Blurb from GoodReads:
Straying husbands lured into the sea can be fetched back, for a fee. Magpies whisper to lonely drivers late at night. Trees can make wishes come true – provided you know how to wish properly first. Houses creak, fill with water and keep a fretful watch on their inhabitants, straightening shower curtains and worrying about frayed carpets. A teenager’s growing pains are sometimes even bigger than him. And, on a windy beach, a small boy and his grandmother keep despair at bay with an old white door. In these stories, Cornish folklore slips into everyday life. Hopes, regrets and memories are entangled with catfish, wrecker’s lamps, standing stones and baying hounds, and relationships wax and wane in the glow of a moonlit sea. This luminous, startling and utterly spellbinding debut collection introduces in Lucy Wood a spectacular new voice in contemporary British fiction.
I do love how this debut collection of short stories by Lucy Wood is inspired by Cornish folkore- especially the sea and mermaids. It has an element of Angela Carter- esque magical realism which I also really like, and some of the descriptions and imagery employed are startlingly good. At times- for instance, in the title story, ‘Diving Belles’, I also enjoyed the contrast between the realism of the characters (Iris) and the fantasy of the situation- e.g. how her husband has turned into a merman. However, I didn’t like the open-endedness of the story- I felt it could have been developed more, and I wanted to see Iris’s interaction with her husband fully-fleshed out, as otherwise she strikes me as a tragic and unfulfilled character. I felt her grief and pain keenly, and felt as though this transferred to the other stories, which all had a very melancholy, bittersweet mood. I would also have liked there to be more obvious references to mermaids/sea creatures, fantasy etc, as I felt as though Wood’s imagination could easily have transported me there. Overall I found this a poignant, melancholy and thought provoking collection, but a teeny bit slow/dull in parts, and for me not all the stories gelled- they were too bizarre, like the one set in a pagan care home- and for me it could have benefited from a sprinkling of more magic.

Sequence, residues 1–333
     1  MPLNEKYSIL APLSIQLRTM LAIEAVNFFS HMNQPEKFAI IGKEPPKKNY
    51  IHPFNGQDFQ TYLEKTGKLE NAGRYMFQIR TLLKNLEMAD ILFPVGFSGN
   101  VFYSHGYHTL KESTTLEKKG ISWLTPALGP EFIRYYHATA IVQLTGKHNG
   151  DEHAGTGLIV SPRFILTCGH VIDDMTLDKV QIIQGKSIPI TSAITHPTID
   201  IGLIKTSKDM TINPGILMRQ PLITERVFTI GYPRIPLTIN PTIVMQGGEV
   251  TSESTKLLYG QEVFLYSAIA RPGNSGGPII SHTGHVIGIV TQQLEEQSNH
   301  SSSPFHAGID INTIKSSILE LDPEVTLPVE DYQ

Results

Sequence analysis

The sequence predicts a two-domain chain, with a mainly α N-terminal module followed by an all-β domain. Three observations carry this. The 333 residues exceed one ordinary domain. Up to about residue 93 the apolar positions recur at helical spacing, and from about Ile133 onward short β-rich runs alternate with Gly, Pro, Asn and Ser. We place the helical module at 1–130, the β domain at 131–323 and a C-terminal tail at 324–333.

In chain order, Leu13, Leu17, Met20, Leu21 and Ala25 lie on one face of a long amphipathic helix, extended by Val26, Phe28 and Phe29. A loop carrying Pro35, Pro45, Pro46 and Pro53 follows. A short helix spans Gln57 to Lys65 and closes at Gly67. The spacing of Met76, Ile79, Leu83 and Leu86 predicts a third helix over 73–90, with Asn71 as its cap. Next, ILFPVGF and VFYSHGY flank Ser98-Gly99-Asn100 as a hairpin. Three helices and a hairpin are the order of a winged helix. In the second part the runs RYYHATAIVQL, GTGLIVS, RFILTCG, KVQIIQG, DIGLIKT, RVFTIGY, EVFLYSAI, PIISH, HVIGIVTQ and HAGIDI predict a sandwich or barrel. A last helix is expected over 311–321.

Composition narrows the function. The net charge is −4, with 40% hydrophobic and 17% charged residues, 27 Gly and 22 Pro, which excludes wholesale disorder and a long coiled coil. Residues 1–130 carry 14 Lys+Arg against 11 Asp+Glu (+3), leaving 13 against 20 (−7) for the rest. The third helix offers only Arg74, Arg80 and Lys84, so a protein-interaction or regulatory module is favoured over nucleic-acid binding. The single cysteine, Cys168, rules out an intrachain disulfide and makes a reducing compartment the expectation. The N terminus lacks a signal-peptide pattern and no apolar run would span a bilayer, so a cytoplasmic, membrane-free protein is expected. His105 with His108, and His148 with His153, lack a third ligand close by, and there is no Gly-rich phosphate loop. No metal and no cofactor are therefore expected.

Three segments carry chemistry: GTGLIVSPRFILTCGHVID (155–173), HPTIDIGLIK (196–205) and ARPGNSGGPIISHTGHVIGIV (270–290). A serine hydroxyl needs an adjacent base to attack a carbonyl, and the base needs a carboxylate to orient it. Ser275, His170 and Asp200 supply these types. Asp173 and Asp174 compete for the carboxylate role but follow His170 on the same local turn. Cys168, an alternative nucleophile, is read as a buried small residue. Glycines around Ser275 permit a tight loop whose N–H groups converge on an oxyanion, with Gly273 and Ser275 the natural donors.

Overall rating: 3 out of 10
Read if you enjoyed: ‘Sexing the Cherry’ by Jeannette Winterson